‘Generosity Curve’ grows in rural community: Farm market’s ‘give, take’ donation policy keeps shelves stocked for those impacted by COVID-19

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BIG PRARIE, Ohio (WJW) — The owner of a produce market in Holmes County has transformed his business into a “generosity curve” of sorts for his community during this COVID-19 crisis.

**For more on the market, watch the Facebook video at the bottom of this page**

Harvey Mast, who owns Harvey’s Market, along with lots of help from his family, volunteers and the public, has been able to get nearly 200,000 pounds of produce to those who have been impacted by the pandemic.

And he’s doing it with a “self-serve, by donation only” policy through May 1 without taking any profit to support the business, which is closed during the winter months.

It all started late last month. In a Facebook post, Harvey said anyone who needed fresh produce could get one of seven COVID-19 “butt-kicking boxes” from his market at 12636 State route 39 in Big Prairie.

The boxes were soon all taken.

So he asked the community on Facebook to leave items they may have in excess and that other people could use. Those items kept adding up — and so did money.

“One day, I checked the cash box,” he said. “Somebody, and they were not supposed to, left money in that box. I wanted it to go back to the community.”

So he purchased 500 pounds of potatoes with the money. The potatoes were gone by that evening.

“It just really snowballed and got a life of its own,” he said. “People began to put money in my cash box. I had to put two up, because one just wasn’t doing it anymore. I thought I solved the cash problem, but I found out the community was too generous. (The $300) turned into $800, which turned into $1,000, and yesterday I spent $14,000 for a semi full of produce.”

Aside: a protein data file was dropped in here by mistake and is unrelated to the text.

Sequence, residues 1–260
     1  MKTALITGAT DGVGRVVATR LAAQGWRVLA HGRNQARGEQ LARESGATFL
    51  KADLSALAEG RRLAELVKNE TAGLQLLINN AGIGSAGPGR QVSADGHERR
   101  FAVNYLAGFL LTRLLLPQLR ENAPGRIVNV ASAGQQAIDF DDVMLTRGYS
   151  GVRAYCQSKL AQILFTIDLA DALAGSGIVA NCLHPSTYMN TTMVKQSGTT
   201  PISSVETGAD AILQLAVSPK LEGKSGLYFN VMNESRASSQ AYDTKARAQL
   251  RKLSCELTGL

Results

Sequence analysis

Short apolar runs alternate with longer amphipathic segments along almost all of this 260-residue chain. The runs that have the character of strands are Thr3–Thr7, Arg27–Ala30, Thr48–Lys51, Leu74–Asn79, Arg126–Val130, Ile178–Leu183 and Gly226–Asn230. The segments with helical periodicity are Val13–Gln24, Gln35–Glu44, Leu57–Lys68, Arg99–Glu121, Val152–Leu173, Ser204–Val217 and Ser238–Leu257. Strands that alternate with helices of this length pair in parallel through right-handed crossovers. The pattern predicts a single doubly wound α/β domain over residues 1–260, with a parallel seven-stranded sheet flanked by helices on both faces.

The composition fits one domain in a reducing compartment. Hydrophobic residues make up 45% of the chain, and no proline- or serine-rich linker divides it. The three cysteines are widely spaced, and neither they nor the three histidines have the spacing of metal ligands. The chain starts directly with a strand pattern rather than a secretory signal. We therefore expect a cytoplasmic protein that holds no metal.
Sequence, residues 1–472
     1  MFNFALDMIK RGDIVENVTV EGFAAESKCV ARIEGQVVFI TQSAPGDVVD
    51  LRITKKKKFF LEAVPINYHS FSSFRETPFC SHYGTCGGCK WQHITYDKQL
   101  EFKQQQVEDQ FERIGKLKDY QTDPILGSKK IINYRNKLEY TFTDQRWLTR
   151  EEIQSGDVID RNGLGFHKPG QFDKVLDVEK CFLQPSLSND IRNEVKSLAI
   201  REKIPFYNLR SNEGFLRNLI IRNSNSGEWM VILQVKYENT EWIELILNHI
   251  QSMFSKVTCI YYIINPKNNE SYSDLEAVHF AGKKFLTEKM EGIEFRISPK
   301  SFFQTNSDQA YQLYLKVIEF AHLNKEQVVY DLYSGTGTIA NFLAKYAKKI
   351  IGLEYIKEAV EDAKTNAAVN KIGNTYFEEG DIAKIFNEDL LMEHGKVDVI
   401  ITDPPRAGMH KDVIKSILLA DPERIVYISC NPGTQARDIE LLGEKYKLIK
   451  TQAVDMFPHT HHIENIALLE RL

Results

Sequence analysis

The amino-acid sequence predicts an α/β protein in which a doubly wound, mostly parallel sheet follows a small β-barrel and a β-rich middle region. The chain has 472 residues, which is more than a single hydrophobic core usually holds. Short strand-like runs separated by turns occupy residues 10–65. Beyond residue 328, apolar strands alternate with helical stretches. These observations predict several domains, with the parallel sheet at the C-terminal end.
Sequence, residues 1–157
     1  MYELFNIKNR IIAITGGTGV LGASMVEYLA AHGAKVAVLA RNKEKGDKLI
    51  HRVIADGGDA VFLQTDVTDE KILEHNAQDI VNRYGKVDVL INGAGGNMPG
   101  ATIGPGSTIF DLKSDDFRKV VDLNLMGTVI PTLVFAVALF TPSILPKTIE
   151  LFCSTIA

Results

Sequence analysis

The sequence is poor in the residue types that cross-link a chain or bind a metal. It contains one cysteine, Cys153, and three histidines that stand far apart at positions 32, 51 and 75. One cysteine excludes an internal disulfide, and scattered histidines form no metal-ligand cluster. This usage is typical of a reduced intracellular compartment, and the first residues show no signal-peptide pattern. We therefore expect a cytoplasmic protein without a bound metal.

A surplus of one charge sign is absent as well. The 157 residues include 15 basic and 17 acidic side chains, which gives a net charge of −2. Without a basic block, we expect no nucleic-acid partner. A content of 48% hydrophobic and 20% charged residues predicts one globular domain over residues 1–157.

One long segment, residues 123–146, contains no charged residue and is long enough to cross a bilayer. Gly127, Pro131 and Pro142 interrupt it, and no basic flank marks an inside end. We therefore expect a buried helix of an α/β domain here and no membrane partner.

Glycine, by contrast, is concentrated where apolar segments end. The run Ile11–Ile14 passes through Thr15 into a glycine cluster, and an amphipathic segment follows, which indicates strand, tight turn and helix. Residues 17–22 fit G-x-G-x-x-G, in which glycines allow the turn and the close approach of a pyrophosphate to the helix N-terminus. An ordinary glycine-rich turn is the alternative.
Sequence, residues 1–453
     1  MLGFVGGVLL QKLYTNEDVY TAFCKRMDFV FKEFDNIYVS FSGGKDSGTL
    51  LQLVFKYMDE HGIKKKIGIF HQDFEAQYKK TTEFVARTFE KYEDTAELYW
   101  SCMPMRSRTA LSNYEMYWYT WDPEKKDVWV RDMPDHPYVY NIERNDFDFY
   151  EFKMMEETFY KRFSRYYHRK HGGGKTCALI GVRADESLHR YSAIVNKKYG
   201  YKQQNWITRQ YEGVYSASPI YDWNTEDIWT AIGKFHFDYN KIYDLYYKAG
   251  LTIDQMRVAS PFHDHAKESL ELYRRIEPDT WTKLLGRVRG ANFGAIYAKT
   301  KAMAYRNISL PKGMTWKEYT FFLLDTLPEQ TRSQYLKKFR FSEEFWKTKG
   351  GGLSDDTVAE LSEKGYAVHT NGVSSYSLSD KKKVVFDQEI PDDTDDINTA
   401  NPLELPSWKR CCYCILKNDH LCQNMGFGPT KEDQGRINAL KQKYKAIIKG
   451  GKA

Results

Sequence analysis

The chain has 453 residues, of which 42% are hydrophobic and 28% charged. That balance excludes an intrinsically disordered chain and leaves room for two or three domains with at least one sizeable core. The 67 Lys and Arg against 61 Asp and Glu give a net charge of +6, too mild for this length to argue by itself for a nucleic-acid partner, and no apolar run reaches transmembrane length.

The stock kept growing, and his cash box is frequently replenished with donated money.

The items in the market do not have price tags. Customers can pay whatever they can for the items. He does provide price lists to give customers an idea of what the items usually cost.

Customers are asked only to social distance, make their visits quick and not linger, and take only what they need. They’re asked to pay what they can, but if they can’t, that’s fine, too. They’re asked to wash their hands before and after and to wear masks.

Mast said in a Facebook post: “We want you to decide what you can afford. Only each family knows that. 100% of all donations will go back into buying more fresh fruit and veggies this is what we do well. Pay if you can afford it and don’t if you can’t. It’s that simple.”

The market is unstaffed and is open 24/7.

Mast actually put together a “Generosity Curve” chart — a play off of the COVID-19 ‘flattening the curve’ theme — which shows the huge amounts of donations that have made the market boom.

“As you can see, the curve has not flattened at all,” he said. “This last couple days here, we’re running through 20,000 pounds of produce a day.”

The market will operate as is until May 1. After that, he must return to normal so his business can make money. But he said his market will buy any leftover food paid for with community donations, and and those funds will go toward gift cards, which he’ll hand out to those who need them.

He sees this community effort stretching far beyone May 1.

“I really believe the hard times are left to come,” he said. “This is changing our community for the better. It’s paying it forward. It’s really been an incredible thing that we’re really enjoying.”

For more on the market, including how to donate, click here.

Watch the video below for more on grocery and carry-out safety during the COVID-19 pandemic.

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